As Meta follows in the footsteps of rival site Twitter, Facebook and Instagram users will soon have to pay to be verified on the social media networks. Meta’s CEO, Mark Zuckerberg, revealed on Sunday in a Facebook post that the service would first be available in Australia and New Zealand later this week.
The business stated that it would cost US$11.99 per month on the web or US$14.99 on iOS and Android (or $19.99 on the web or $24.99 on iOS and Android in Australia). In addition to a blue badge, Zuckerberg stated that the service would provide “additional impersonation security,” increased reach for verified users, and direct access to customer care.
In a blog post, Meta stated that it will rely on government ID documents to establish the identity of verified accounts in order to avoid the embarrassment of accounts impersonating people and brands, as happened when Twitter first launched its premium verification service.
“As part of this vision, we are evolving the meaning of the verified badge so we can expand access to verification and more people can trust the accounts they interact with are authentic”Meta press releaase.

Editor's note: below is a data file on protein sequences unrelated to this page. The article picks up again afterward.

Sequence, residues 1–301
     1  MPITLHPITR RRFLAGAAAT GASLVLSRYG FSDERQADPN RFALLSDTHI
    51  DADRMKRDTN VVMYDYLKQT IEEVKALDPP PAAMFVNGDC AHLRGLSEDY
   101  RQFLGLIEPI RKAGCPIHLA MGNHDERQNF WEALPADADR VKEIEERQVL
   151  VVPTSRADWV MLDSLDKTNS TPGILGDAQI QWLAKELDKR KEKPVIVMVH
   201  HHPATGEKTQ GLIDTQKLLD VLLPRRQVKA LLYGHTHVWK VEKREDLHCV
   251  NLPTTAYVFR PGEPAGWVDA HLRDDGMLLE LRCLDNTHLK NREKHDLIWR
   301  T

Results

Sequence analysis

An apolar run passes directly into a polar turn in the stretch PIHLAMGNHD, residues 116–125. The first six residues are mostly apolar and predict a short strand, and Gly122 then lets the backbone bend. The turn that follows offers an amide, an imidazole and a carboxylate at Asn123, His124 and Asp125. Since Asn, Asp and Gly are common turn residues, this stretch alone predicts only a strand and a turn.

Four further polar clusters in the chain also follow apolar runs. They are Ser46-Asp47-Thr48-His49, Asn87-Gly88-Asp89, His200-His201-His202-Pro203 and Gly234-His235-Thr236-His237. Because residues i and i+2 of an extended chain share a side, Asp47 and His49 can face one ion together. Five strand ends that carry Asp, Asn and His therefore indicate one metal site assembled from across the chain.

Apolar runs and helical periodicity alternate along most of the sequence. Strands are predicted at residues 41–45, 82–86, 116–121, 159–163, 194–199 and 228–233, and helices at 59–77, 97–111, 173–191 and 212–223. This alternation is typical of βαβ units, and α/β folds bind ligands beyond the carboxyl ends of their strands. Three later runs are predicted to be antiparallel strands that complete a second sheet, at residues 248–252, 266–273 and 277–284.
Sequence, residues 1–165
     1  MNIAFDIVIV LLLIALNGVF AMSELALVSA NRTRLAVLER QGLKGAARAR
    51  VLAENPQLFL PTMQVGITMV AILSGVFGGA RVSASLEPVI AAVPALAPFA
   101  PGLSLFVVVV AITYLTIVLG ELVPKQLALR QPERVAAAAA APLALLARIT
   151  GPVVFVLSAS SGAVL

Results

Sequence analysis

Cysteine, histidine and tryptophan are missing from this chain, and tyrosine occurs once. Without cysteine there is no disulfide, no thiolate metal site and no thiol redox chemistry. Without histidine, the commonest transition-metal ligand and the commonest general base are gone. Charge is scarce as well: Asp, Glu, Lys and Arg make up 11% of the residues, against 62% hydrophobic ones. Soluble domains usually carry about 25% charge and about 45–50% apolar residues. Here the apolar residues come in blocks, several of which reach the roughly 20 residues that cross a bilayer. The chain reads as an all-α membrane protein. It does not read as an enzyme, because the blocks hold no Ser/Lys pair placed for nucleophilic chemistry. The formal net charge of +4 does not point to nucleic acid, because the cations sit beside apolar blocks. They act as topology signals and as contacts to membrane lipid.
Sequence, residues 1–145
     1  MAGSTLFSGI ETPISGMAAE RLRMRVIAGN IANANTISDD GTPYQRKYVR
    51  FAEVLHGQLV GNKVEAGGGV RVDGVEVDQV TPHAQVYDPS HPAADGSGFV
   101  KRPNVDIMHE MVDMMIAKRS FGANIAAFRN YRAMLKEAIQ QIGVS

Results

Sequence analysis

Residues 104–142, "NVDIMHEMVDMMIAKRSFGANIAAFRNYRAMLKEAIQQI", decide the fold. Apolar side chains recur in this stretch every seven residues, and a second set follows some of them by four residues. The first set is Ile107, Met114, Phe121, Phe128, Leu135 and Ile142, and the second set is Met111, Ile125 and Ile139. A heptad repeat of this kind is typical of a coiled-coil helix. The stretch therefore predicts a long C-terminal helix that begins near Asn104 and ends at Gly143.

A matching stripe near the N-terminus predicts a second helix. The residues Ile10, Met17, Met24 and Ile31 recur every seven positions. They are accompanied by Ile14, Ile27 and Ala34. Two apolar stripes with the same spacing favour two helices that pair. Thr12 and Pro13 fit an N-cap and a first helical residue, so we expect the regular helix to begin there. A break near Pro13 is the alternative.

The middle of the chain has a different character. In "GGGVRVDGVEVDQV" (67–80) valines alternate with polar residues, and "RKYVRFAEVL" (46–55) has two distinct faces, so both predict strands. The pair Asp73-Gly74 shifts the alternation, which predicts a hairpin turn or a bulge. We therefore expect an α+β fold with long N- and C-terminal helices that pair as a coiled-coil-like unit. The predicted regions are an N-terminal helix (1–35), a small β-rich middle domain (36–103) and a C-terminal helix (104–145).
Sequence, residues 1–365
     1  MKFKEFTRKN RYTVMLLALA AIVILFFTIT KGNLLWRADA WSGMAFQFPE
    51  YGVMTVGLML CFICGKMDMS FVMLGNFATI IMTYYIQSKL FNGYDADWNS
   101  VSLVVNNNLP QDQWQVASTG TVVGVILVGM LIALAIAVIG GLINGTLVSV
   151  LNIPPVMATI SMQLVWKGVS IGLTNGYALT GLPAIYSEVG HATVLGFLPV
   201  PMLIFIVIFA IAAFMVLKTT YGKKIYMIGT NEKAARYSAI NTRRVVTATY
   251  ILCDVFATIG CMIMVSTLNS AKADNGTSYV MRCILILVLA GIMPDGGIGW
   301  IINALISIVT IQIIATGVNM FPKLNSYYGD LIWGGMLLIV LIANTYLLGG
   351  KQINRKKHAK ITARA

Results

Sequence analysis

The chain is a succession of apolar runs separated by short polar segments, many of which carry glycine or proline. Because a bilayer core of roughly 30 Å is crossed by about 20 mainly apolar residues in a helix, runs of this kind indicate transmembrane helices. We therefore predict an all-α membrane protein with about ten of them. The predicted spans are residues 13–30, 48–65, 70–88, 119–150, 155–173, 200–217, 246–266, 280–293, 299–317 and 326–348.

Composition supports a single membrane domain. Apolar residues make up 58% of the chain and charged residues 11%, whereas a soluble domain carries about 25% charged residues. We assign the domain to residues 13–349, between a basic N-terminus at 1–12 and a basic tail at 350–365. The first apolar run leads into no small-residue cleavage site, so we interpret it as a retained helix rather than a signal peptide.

According to a news release, the service features, in addition to a verification badge, enhanced protection against account impersonation, better exposure in areas such as search and recommendations, and more direct access to customer care. Now, users of prominent and notable profiles on Facebook and Instagram can add a free badge indicating the account’s validity.
The update is in line with Elon Musk’s redesigned “Twitter Blue,” which was introduced in November 2022. Musk made the once-free blue check mark, which indicates the validity of a popular account, available to any user who paid a monthly charge, but had to relaunch the service in December due to a rush of users impersonating companies and celebrities.
Unlike Twitter, Meta stated that no adjustments will be made to accounts that were verified as a result of previous “authenticity and notability” standards. Meta Verified is not yet available for businesses, but it is a long-term goal of the service.
Meta’s decision to begin charging for verification comes after the company’s market worth plummeted by more than $600 billion last year. The company has recorded year-over-year revenue reductions for the last three quarters, yet the most recent analysis may indicate that the tides are shifting.
Meta’s goal, according to Zuckerberg, was to focus on “efficiency” in order to recover. In November, the corporation slashed 13% of its workforce, or 11,000 employees, and integrated office buildings to save money.